What We Like

What We Don't Like

Sennheiser has become something of a gold standard when it comes to mid- to high-range audio equipment. Their headphones are often the yardstick by which we measure the competition, but can the HD 4.40BTs retain this quality?


Available only in black, it would be hard to call the HD 4.40BTs a paragon of innovative design. The overall effect is of a very standard look, slightly on the bulky side, that does not have much in the way of a unique aesthetic. But this is par for the course for Sennheiser for whom form tends to come secondary to function. Most of their product line is fairly understated in appearance, but you get the clear sense that this is an intentional move to allow them to focus their resources on performance rather than visual flair.

The ear cups are pretty large, and very well padded which makes for a comfortable fit. They also have a secondary use as passive noise cancellation which Sennheiser has not advertised at all with this model. But, let me tell you, the combination of a lot of padding and a large ear cup means you cut out a good deal of the background noise and can focus on the audio.

Although nothing to write home about, the design certainly manages to feel premium despite the mostly plastic building materials. This is a testament to Sennheiser’s careful, considered approach; they haven’t shelled out tons of money to innovate wildly in the design space, but have perfected the art of creating a ‘good enough for the job’ design which allows them the freedom to prioritize the internals.


Like their approach to design, Sennheiser is not big on extra (or, as they would probably consider them, ‘superfluous’) features.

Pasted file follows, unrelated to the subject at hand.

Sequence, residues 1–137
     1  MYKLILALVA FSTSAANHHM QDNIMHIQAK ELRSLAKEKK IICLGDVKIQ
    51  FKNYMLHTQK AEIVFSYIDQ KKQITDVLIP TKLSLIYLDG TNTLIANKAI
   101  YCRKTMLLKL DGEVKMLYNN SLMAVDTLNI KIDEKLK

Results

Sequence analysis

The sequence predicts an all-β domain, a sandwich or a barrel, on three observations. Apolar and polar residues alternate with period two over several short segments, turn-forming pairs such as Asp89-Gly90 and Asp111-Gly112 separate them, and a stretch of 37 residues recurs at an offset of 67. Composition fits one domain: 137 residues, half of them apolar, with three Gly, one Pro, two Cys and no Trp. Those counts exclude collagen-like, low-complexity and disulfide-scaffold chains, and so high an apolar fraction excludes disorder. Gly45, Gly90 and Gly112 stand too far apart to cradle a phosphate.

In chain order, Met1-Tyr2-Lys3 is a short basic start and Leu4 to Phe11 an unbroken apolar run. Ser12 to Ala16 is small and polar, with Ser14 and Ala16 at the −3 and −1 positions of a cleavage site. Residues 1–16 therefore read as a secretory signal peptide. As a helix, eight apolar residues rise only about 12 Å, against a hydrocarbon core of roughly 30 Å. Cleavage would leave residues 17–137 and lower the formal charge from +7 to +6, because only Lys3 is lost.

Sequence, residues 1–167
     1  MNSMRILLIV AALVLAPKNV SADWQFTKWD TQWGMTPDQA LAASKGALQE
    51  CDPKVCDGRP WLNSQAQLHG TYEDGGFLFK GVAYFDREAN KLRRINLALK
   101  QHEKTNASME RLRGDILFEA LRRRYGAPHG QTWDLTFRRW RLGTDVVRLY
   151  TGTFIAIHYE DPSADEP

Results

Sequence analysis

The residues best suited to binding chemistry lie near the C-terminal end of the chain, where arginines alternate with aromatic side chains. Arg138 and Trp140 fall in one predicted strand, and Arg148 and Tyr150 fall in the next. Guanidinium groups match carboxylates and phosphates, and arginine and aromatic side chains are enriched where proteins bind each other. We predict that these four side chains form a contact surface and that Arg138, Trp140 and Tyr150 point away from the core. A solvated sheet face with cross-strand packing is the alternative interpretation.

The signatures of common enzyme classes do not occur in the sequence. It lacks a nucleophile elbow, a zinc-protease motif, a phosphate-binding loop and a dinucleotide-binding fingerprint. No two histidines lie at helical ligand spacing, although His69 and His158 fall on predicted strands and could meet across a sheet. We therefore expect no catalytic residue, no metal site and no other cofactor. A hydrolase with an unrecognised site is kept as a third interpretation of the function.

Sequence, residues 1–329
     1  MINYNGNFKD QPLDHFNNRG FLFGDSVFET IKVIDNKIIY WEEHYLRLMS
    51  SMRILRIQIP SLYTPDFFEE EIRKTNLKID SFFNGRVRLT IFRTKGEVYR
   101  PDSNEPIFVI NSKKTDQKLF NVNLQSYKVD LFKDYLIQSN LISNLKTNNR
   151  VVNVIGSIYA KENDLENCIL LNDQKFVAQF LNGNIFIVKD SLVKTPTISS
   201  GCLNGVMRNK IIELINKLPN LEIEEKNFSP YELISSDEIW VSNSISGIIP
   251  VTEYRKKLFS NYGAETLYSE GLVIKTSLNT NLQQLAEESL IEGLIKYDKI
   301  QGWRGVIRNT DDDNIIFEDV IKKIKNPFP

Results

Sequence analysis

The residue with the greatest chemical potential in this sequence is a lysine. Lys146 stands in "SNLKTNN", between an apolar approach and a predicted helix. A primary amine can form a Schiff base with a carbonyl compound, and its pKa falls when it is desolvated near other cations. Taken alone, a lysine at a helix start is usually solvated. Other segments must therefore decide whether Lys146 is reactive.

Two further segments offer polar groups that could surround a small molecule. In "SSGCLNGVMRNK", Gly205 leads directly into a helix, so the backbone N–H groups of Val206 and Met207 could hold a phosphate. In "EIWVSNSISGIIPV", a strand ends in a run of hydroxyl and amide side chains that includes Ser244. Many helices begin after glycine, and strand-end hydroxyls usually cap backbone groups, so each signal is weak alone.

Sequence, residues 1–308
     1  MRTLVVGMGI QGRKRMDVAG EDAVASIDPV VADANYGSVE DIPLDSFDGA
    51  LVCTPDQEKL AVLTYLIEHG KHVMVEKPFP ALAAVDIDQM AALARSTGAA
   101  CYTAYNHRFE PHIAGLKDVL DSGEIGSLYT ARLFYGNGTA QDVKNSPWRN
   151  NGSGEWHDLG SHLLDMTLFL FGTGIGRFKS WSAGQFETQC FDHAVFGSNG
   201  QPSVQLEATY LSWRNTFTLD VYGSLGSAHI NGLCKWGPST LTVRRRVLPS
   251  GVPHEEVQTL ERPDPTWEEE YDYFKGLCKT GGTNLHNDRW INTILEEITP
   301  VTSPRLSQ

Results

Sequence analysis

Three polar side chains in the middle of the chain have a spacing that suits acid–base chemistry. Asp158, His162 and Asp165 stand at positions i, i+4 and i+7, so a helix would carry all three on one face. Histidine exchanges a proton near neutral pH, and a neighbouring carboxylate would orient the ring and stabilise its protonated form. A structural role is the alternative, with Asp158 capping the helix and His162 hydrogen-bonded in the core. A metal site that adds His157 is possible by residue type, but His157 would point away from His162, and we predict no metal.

Aside from a microphone for taking calls and talking to your digital assistant, the only other offering comes in the form of the standard, three button remote controls. These are pretty much a default at this price point, so it isn’t especially exciting. But, as you would hope, you are able to manage playback, skip tracks, and adjust the playback volume via these controls.

Not specific to this device but also worthy of a quick mention is Sennheiser’s CapTune app. This allows you to dig into some elements of customization so you can “design your own sound” by adjusting various elements of the EQ. As well as adjusting the general sound, you can create and save a number of sound profiles. This is a nice feature, and allows you to optimize your listening experience based on the environment you happen to be in.


Connectivity—as you would expect from a headphone at this price point—was an entirely simple, painless process. Initial pairing was near instant, and from there we experienced no detectable audio issues like skipping, lag, or any kind of distortion. The range is good, and definitely extends beyond that which you are likely to require on a day to day basis.

With a clear emphasis on prioritizing performance over aesthetic and features, one would hope that the sound quality of the HD 4.40BTs lives up to expectations. And, for the most part, it does. It’s a bass heavy response (subject to your own customization), but the overall balance and clarity is such that this ramped-up bass never overwhelms or drowns out other elements of the mix. Mids are distinct and sound great; highs are crisp, clear, and soar above the rest of the track.

The battery life Sennheiser is offering is pretty fantastic. 25 hours is longer than a full day of playback. Just think of that. A day and then some. You just can’t complain about that.

The Rumble:

Although the design is a little generic and they’re light on features, the HD 4.40BTs certainly deliver on the promise of a superior audio experience. With battery allowing for continuous playback for over a day, this is a solid choice.